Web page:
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Labor to slash $200m from green car fund
Gillard camp follows Liberals in promising to cut from Green Car Innovation Fund
17 Aug 2010
By TERRY MARTIN
A GILLARD government would slash $200 million from the Green Car Innovation Fund (GCIF) if it wins the August 21 election, citing lack of demand for the program.
The surprise expenditure cut announced last weekend follows the Liberal coalition’s promise to cut $278 million from the GCIF – a policy that, up until last Saturday, federal industry minister Kim Carr was citing as a key reason why the car industry should support a Labor re-election.
Senator Carr told the annual conference of the Federation of Automotive Products Manufacturers (FAPM) on August 6 that the Opposition’s plan to take $278m out of the fund would “make it difficult for the fund to meet its existing commitments – and virtually impossible to support new projects”.
Now, the Gillard government has decided that it, too, will take $200 million out of the GCIF, reducing it by $100 million in both 2012-13 and 2013-14.
“This will ensure that Green Car Innovation Fund better reflects demand for the program,” the government said in a statement jointly released by treasurer and deputy prime minister Wayne Swan, financial services minister Chris Bowen and outgoing finance minister Lindsay Tanner.
It also said the GCIF “will still have unallocated funding available if new proposals come forward”.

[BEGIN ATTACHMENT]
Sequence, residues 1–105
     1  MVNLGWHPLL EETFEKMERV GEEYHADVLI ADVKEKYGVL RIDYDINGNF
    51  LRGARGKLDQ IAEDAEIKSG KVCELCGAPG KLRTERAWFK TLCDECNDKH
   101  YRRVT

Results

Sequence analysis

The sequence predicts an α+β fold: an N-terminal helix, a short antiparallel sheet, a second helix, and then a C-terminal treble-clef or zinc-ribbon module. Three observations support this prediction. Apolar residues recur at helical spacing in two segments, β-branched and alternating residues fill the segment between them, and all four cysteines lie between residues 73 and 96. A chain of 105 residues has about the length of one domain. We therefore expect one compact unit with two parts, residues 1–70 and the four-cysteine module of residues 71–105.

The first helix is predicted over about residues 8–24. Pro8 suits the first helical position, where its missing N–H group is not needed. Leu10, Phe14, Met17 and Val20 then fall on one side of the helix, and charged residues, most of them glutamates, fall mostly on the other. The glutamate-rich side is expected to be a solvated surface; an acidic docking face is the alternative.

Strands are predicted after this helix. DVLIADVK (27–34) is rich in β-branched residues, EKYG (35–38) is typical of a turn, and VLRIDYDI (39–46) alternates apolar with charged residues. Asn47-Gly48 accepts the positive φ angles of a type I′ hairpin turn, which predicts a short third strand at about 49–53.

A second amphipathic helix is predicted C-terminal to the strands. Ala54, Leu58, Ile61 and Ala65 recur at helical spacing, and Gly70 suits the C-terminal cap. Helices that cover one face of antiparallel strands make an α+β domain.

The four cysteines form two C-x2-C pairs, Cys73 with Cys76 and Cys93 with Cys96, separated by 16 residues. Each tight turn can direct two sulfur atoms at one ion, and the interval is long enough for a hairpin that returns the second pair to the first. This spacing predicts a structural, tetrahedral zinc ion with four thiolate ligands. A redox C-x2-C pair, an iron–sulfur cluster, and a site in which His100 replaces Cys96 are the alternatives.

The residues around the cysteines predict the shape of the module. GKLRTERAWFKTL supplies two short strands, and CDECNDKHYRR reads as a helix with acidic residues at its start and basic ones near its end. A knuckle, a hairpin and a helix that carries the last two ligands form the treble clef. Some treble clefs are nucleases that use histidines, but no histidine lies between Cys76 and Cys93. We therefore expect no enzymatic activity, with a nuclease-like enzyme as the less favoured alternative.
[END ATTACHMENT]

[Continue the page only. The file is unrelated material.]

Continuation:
Left: Industry minister Kim Carr. Below: Treasurer Wayne Swan.
In an interview with GoAuto last week, Senator Carr defended the GCIF, which in November 2008 was increased from $500 million to $1.3 billion, running over nine years to assist Australian manufacturers, suppliers and others in the car industry.
It was subsequently cut by $200 million in the 2010-11 budget, leaving $790m unallocated. With the latest cut, the funding pool has fallen to $590m – of which an undisclosed amount has already been assigned.
As GoAuto has reported, the GCIF has attracted only a small number of applications, largely because it has excluded companies – particularly small component manufacturers – who could not afford start-up investment costs, such as the three-to-one eligibility criteria.
Shadow innovation minister Sophie Mirabella described the government’s latest move to cut GCIF funds – and to slash $37.6 million from its Retooling for Climate Change program – as “a piece of breathtaking hypocrisy”.
“For months, Mr Carr has been stalking marginal electorates slamming the coalition’s responsible decision to make savings from these two poorly targeted initiatives,” Ms Mirabella said.
“Julia Gillard even said on Mr Carr’s behalf last week that the two programs were ‘hugely successful Labor initiatives’ and that ‘coalition ... cuts to the Green Car Innovation Fund would put investments by Holden, Ford and Toyota at risk’.
“In making these cuts, Labor demonstrates it will say and do anything to stay in power, even if it means abandoning any semblance of consistency.”
Senator Carr told GoAuto last week that the government had relaxed the requirement for companies to provide 75 per cent of program investment (with taxpayers tipping in one dollar for every three private dollars in a project), revealing there was now flexibility in the guidelines.
“It doesn’t have to be three-to-one. We are prepared to come lower than that, but it still has to be real money. We want some skin in the game, genuine skin in the game,” he said.
“Given the state of the industry, it is a true measure of its success that there has been so much investment already – in terms of the commitments that we have made so far – and I say to you, there are very significant program initiatives in the pipeline, awaiting approval processes to be concluded.”
Grants already issued include $149 million grant to Holden (for Cruze), $42 million to Ford (for the EcoBoost Falcon), $35 million to Toyota (for Camry Hybrid), $2.4 million to SMR Automotive (for vehicle mirrors), $996,000 to Century Yuasa (for batteries) and $440,000 to Orbital (for a Flex-DI system for Changan Automobile).
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